Egypt was the final action of Argonauts?

The stranding of the Argonauts on the Libyan coast, their carrying of Argo across the desert and the deaths there of Mopsus and Canthus

The island of Thera was the mother city of Cyrene. Aegina was once home to the Argonauts Peleus and Telamon, exiled thence for murdering their brother. The island of Anaphe is where the Aitia of Callimachus begins with a tale of the Argonauts, and his final action is in Alexandria.

Apollonius of Rhodes

We suggest; The final aition of the Argonauts was in Egypt

Library of Alexandria

The famous burning of the Library of Alexandria, including the incalculable loss of ancient works, has become a symbol of the irretrievable loss of public knowledge.

Paganism was made illegal by an edict of the Emperor Theodosius I in AD 391.

The temples of Alexandria were closed by Patriarch Theophilus of Alexandria in AD 391. The historian Socrates of Constantinople describes that all pagan temples in Alexandria were destroyed, including the Serapeum.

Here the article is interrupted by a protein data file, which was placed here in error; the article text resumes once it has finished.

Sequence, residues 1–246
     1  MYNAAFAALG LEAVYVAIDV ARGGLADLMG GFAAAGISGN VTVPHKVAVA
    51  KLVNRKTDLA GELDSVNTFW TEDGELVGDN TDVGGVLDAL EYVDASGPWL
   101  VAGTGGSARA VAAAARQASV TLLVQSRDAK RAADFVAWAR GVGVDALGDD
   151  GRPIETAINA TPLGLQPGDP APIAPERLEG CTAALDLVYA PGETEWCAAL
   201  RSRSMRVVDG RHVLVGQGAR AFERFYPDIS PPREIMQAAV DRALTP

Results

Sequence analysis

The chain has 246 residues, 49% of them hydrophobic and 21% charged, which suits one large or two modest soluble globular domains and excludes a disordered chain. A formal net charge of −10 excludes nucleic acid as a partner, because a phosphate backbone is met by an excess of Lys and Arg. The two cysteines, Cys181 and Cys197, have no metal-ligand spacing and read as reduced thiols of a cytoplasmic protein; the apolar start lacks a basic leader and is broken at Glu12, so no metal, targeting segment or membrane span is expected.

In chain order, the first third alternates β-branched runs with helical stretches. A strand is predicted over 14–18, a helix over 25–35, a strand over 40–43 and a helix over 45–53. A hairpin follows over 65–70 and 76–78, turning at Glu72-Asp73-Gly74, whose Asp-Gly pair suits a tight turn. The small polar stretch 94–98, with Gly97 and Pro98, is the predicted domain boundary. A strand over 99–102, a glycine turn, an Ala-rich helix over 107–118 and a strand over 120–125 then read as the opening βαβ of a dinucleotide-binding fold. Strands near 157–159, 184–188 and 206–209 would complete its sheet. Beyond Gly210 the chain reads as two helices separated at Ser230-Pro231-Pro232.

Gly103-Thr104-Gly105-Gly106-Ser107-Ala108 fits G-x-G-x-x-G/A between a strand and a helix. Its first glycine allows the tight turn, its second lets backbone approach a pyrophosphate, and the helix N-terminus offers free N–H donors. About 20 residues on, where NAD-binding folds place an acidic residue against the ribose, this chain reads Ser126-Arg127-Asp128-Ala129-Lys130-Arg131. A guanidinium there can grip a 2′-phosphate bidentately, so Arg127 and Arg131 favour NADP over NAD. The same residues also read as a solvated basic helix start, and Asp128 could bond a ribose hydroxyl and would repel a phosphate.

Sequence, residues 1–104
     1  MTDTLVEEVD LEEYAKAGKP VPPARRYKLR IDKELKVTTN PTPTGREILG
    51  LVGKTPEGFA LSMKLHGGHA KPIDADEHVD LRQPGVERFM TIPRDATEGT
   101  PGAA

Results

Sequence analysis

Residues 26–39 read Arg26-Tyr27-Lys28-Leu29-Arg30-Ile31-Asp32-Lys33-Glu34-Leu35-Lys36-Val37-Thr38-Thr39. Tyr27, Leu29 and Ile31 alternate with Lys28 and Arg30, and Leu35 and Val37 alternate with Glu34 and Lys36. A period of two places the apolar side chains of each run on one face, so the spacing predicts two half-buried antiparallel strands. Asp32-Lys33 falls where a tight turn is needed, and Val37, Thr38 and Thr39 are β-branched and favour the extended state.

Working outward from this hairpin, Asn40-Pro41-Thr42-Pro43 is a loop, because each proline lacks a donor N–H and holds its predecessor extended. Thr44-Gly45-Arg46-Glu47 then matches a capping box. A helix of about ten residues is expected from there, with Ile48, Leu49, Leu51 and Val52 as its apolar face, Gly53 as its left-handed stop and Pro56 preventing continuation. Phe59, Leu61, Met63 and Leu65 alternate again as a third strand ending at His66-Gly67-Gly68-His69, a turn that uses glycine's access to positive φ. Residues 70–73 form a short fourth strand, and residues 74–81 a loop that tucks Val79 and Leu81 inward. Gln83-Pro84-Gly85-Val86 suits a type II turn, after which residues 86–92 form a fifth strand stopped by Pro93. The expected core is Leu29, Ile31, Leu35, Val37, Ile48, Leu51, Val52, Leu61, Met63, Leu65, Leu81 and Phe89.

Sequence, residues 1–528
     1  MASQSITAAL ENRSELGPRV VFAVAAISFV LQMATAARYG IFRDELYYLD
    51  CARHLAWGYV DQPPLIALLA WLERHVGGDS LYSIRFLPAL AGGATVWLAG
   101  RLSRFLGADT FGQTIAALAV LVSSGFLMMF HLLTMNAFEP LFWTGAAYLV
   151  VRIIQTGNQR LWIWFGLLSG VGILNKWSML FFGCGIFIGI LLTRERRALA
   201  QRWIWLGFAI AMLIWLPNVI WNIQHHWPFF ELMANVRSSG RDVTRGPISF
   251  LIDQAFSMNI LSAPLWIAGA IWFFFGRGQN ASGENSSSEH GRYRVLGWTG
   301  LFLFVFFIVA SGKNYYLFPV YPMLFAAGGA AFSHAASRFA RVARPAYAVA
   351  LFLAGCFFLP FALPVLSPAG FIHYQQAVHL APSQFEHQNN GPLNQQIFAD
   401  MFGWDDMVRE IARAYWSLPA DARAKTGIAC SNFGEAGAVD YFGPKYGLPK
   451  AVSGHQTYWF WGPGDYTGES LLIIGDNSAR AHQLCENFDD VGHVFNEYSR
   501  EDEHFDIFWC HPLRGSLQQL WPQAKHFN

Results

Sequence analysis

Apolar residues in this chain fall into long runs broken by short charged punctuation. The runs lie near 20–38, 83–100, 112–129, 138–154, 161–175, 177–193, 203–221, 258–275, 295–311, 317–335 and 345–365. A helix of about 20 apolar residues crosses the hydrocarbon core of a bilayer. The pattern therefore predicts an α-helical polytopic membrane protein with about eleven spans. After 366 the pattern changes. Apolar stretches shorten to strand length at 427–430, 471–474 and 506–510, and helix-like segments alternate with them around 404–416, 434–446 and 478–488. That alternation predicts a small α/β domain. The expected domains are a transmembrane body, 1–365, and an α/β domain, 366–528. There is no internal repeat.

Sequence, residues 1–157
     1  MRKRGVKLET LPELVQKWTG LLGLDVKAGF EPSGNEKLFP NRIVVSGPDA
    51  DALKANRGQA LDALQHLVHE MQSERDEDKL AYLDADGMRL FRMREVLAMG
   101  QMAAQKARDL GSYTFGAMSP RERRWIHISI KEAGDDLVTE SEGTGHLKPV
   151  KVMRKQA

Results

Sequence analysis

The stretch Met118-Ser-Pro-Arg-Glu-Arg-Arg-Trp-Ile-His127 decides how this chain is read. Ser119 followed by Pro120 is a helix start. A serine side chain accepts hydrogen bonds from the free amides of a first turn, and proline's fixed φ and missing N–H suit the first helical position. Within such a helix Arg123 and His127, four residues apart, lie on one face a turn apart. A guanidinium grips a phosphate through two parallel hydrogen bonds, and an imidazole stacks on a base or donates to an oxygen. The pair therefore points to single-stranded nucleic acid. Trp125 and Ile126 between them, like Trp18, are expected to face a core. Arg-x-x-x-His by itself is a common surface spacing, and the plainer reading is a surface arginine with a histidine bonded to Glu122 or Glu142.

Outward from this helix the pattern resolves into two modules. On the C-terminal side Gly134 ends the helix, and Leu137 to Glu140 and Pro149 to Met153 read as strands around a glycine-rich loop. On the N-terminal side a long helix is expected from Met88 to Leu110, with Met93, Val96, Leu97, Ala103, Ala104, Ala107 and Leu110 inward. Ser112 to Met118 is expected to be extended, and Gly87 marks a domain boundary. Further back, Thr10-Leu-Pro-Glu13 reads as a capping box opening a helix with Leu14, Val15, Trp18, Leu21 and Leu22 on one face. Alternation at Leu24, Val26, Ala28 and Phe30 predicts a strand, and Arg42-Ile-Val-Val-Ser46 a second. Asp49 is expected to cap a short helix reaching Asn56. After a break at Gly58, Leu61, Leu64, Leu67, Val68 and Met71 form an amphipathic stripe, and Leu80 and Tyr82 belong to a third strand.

Story of Mopsus

Mopsus

Mopsus was one of two seers among the Argonauts, and was said to understand the language of birds, having learned augury from Apollo. He had competed at the funeral-games for Jason's father and was among the Lapiths who fought the Centaurs. While fleeing across the Libyan desert from angry sisters of the slain Gorgon Medusa, Mopsus died from the bite of a viper that had grown from a drop of Medusa's blood. Medea was unable to save him, even by magical means. The Argonauts buried him with a monument by the sea, and a temple was later erected on the site.

Musaeus of Athens

According to Artapanus, (Eusebius, PrEv 9.27.4) he recounts that the Greeks called Moses Musaeus and that he taught Orpheus, who was widely considered to be the father of Greek culture.